Lucca: Little Italian Citizens Growing Up
A friend of the United World Project who lives in Lucca, Italy, informed us about an initiative that has been promoted by her Municipality since 2013, on the occasion of the World Day for the Rights of Children and Adolescents: the recognition of a symbolic citizenship conferred to minors who were born in Italy from foreign parents and residing in the Municipality of Lucca. We report about it through an interview with the mayor of Lucca, Alessandro Tambellini.
“For us, this recognition is the symbol of the reception by a community. It is making these people feel citizens like the ones who are receiving them, because they are citizens in full capacity,” says Alessandro Tambellini, Lucca’s first citizen. Since 2013, the Lucca municipal administration has recognized symbolic citizenship to minors who were born in Italy from foreign parents and reside in the Municipality of Lucca, but they are not in possession of Italian citizenship, as well as to those minors who, although not born in Italy, have been living in the Municipality of Lucca for at least two years, and are enrolled on an educational, scholastic, or training path.
This year, 38 of them have been recognized symbolic citizenship. Among them, children from all continents: Americas, Asia, Africa, and Europe: “In fact, among the new citizens there are also children of Romanian and English origin,” explains the mayor.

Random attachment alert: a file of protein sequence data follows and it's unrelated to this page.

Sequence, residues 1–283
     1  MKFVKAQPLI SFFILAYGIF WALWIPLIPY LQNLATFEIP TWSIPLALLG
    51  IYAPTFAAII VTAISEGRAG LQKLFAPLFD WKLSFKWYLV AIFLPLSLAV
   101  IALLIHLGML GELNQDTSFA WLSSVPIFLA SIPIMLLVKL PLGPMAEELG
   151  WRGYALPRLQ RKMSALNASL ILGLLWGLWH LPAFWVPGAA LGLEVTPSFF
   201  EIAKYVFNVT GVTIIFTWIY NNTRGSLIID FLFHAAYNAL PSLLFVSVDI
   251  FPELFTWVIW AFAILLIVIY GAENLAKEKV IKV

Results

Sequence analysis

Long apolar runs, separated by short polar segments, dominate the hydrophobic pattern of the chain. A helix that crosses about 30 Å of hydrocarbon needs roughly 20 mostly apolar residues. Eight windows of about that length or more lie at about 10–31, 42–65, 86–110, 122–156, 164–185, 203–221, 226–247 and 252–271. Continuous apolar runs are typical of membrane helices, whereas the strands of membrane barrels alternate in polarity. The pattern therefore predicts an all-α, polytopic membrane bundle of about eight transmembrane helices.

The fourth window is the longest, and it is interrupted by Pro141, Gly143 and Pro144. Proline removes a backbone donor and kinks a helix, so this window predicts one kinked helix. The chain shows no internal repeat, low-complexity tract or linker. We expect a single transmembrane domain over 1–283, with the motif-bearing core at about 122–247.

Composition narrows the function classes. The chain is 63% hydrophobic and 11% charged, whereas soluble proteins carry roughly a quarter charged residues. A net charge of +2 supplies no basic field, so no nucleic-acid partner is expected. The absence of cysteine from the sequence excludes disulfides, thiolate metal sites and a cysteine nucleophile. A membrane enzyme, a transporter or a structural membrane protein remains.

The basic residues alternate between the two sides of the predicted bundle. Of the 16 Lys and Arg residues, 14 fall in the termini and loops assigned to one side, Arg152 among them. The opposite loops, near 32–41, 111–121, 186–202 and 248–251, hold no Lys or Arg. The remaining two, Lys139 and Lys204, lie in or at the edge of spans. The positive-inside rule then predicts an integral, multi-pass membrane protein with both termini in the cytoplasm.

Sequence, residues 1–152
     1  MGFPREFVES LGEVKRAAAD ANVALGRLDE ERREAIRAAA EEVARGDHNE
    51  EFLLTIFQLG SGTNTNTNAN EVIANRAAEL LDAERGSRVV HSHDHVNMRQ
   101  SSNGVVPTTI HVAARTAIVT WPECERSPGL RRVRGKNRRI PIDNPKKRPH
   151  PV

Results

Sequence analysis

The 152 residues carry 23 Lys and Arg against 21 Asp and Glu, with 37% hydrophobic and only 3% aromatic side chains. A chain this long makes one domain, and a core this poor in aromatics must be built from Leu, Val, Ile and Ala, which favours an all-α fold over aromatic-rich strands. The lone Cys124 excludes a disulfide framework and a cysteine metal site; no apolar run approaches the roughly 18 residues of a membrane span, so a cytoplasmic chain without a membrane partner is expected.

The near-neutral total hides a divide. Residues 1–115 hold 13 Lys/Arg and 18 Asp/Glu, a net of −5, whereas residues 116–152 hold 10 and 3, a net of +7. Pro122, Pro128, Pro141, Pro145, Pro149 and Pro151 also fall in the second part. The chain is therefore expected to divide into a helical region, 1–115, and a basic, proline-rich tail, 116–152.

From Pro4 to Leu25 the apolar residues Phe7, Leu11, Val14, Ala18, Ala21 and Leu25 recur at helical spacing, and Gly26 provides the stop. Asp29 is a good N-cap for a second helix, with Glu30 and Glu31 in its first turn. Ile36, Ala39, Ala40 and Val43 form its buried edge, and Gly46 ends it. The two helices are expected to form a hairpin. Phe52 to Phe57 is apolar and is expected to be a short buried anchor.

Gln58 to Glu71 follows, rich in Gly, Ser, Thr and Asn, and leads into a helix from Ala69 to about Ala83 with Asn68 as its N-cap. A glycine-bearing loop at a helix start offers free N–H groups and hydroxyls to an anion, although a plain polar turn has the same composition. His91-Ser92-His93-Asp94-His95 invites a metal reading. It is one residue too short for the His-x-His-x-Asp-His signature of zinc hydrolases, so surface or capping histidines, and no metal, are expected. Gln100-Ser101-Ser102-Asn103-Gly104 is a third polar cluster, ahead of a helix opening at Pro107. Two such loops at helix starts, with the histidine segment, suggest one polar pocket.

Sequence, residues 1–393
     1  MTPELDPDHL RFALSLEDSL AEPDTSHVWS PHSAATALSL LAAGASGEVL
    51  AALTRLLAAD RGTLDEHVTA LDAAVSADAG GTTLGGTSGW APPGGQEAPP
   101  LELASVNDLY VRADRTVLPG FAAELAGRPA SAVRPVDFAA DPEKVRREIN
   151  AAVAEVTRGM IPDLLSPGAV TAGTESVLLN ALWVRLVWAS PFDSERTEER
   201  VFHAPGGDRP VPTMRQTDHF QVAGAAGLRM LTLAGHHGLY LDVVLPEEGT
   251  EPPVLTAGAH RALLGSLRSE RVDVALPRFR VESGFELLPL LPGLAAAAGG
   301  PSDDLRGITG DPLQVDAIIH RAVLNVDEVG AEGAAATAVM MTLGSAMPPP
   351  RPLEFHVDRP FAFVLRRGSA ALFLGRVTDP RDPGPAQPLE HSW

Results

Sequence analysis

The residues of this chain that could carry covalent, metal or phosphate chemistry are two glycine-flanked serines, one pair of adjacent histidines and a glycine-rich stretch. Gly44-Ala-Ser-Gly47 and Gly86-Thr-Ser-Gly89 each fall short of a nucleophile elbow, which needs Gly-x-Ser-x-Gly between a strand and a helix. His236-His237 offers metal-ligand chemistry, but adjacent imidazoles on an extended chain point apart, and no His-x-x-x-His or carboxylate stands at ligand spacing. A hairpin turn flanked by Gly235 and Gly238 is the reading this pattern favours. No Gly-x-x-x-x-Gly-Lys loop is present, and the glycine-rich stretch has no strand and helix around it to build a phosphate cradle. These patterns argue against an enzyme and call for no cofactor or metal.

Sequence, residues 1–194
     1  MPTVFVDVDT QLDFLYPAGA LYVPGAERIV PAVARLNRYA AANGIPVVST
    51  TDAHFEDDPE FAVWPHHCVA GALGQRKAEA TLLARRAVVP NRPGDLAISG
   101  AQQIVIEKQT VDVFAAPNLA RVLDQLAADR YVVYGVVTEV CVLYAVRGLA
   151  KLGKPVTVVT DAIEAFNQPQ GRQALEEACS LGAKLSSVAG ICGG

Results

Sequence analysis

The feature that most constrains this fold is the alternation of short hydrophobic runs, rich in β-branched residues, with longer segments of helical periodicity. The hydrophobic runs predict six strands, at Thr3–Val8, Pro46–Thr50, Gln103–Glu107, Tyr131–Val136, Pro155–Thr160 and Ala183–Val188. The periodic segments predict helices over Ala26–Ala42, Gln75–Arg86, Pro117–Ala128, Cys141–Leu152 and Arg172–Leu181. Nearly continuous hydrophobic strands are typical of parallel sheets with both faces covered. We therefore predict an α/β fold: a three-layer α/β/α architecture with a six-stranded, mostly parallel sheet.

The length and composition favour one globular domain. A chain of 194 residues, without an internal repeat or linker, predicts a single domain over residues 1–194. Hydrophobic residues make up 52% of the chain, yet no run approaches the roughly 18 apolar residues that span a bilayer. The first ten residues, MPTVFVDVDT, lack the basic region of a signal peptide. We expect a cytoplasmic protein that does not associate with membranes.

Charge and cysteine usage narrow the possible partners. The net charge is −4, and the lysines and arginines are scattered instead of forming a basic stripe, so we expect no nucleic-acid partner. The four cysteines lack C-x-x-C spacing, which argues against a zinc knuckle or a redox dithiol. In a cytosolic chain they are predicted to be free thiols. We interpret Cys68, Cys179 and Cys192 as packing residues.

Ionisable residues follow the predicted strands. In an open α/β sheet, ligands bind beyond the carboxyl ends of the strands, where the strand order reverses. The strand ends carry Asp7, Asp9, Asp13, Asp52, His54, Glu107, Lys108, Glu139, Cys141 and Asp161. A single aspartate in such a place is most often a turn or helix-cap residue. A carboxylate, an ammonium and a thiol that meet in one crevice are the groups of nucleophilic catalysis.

The ceremony takes place every year in the main hall of the City Council, at Palazzo Santini, on the occasion of the World Day for the Rights of Children and Adolescents.
«The sign is simple: I give them a tricolor rosette and a parchment. It is the mayor, representing the whole community, who welcomes them in the name of inclusion. It is like saying: from now on, you must consider yourself Lucca’s citizens and Italians».
This initiative of the Municipality of Lucca was promoted by former councilor Alessandro Bertolucci, and later on it received the approval by the Municipal Council of a specific implementing regulation for the conferment of symbolic Italian citizenship.
“Alessandro Bertolucci, who unfortunately left us, was a person of high principles who had a prophetic historical vision, and he dreamed of a future characterized by integration. His hope was that this symbolic act of inclusion would also be an incentive for our National Parliament,” recalls the mayor.
An “incentive” for the Italian Parliament to reform the current law on citizenship (n° 91/1992), based on ius sanguinis (a Latin wording, meaning “conferral of rights by descent”), so that those who grow up and are educated in the Bel Paese (‘beautiful country’, the way Italians call their own homeland) are no longer considered “foreigners in Italy.”
“We hope that next year there will no longer be any need to confer symbolic Italian citizenship,” concludes the mayor, “but that we meet again to confer a real citizenship! Meanwhile, let us continue our path that is also education-oriented: an action inspired by reflection and collective reasoning, because the ability to accept others is not innate. Welcoming the other persons is something we must learn, with the aim to become a shared community, a community which includes everyone.”